Friday, February 25, 2011

Unspeakable Horror 2: Abominations of Desire

  • Antho: Unspeakable Horror 2: Abominations of Desire
  • Editor(s): Vince A. Liaguno and Chad Helder
  • Pay Rate: 5¢ per word
  • Response Time: 30-60 days 
  • Reading Period: April 1st through June 30th (2011)
  • Description: In this sequel to the Bram Stoker Award-winning anthology, editors Liaguno and Helder are exploring the dark underbelly of desire — whether contained and constricted or unleashed and unrestricted. They are looking for stories that stress the force of physical appetite or emotional need, tales that explore the strong, envious longing for the unattainable. This is a collection of queer horror — meaning that stories must contain a central gay, lesbian, bisexual, or transgender focus.
  • Submission Guidelines:

NOTE: Author D.L. Snell conducted the following interview to give writers a better idea of what the editors of this specific market are seeking; however, most editors are open to ideas outside of the preferences discussed here, as long as they fit the basic submission guidelines.


1) What authors do you enjoy, and why does their writing captivate you?
Writers who take a literary approach to their horror…writers who use literary machinations to convey horror beyond basic blood and guts. Writers who aren't afraid to push some envelopes and who think outside the constraints of genre boxes. Think Dennis Cooper, Gemma Files, Stephen Graham Jones, Lee Thomas, Laird Barron…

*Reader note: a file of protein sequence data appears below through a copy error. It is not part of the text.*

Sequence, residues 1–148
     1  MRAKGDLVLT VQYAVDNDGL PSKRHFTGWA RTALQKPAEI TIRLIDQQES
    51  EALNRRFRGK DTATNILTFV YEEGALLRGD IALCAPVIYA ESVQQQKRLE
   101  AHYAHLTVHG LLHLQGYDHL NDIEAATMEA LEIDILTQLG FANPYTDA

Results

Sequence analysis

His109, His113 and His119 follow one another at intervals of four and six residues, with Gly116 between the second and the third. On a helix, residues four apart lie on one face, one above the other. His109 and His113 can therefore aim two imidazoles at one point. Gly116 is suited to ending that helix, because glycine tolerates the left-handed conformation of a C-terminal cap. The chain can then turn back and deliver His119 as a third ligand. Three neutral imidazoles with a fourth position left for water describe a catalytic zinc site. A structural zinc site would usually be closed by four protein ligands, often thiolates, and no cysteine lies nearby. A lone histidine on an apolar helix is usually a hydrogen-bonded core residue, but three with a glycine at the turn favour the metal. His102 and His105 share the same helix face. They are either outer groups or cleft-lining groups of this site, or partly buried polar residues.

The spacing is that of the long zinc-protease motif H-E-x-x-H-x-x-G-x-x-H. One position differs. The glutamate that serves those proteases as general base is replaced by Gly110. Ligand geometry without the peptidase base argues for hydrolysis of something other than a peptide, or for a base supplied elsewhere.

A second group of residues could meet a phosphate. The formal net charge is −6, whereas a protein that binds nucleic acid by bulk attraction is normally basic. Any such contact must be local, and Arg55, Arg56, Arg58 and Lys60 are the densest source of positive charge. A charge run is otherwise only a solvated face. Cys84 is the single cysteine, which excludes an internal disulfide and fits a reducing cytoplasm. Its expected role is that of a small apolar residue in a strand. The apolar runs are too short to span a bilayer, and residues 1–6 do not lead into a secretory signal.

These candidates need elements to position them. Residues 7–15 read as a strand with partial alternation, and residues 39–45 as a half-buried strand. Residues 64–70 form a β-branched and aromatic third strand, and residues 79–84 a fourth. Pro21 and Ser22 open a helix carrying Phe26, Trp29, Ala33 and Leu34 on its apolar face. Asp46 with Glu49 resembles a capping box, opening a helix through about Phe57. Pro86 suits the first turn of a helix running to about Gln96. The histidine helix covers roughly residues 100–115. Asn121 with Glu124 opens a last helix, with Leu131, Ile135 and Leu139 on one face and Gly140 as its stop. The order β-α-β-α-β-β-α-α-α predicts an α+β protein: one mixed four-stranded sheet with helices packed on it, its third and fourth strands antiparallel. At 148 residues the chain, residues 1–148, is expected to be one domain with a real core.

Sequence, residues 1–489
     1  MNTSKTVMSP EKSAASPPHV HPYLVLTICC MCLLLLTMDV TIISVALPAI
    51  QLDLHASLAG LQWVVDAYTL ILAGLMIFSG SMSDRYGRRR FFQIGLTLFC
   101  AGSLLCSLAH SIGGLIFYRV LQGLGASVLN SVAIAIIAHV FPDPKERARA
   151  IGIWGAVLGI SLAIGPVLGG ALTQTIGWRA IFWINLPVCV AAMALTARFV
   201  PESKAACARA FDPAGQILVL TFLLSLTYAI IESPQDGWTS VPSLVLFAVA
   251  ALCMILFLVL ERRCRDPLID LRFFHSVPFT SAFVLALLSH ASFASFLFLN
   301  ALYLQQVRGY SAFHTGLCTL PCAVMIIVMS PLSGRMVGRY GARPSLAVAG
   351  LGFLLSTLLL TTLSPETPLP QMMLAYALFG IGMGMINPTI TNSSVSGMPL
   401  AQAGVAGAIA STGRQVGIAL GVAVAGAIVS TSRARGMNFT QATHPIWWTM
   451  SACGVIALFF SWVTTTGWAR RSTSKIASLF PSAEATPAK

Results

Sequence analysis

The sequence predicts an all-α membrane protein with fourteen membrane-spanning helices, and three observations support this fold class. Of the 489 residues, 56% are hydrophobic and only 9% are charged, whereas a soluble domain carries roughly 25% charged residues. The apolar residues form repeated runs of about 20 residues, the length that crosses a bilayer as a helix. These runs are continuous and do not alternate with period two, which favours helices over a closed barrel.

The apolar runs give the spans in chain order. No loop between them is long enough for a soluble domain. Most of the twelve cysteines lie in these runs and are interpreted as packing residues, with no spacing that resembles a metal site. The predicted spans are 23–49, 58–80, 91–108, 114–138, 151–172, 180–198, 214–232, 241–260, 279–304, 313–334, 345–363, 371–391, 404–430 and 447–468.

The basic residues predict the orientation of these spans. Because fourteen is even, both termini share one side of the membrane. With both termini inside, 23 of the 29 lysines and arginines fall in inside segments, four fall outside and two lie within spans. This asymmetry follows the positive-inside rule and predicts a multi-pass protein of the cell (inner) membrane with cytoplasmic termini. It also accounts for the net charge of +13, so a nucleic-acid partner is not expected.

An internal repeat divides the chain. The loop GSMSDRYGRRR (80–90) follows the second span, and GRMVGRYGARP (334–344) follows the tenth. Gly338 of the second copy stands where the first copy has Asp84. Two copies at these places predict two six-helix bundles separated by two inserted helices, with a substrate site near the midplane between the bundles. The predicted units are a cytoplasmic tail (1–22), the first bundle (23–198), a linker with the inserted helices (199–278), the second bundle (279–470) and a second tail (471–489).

2) What are your favorite genres? Which genres would you like to see incorporated into submissions to this market?
We enjoy primarily horror and dark psychological suspense. For this second volume in the Unspeakable Horror series, we'd like to see well-written tales of dark fiction with a strong literary fiction aesthetic that explore the specified theme of desire gone awry from a GLBT perspective.

3) What settings most intrigue you? Ordinary or exotic locales? Real or fantasy? Past, present, or future?

Fantasy settings don't really do it for us. We prefer stories told against realistic settings — ordinary or exotic. For us, as both readers and editors, horror is most effective when set against an ordinary backdrop. Fantasy settings tend to become characters in and of themselves; for us, it's a distraction. Past and present work equally well, future…not so much.

4) Explain the type of pacing you enjoy, e.g. slow building to fast, fast throughout, etc.
While both hold equal appeal, what really blows us away are the subtler horrors that creep up and insinuate themselves into your consciousness as a reader. Then, before you know it, the writer pulls out the stops and leaves you punched in the gut, mouth agape. Stories that shock and/or provoke — but for the right reasons. We want that shock and provocation to sneak up on us versus clobbering us over the head. We want material that elicits an emotional response of some kind and leaves us with our jaws hanging open upon conclusion.

5) What types of characters appeal to you the most? Any examples?
Complex characters facing extraordinary internal and/or external crises. Sympathetic or unsympathetic matters less than the author's ability to make us relate on some level to the character. Personally, I have a penchant for supporting characters that play integral roles in the story that may not at first be obvious. I also enjoy clever twists on stock characters. Read anything from Stephen King's recent Full Dark, No Stars collection for perfect examples of the kinds of the full-bodied, complex characters we crave.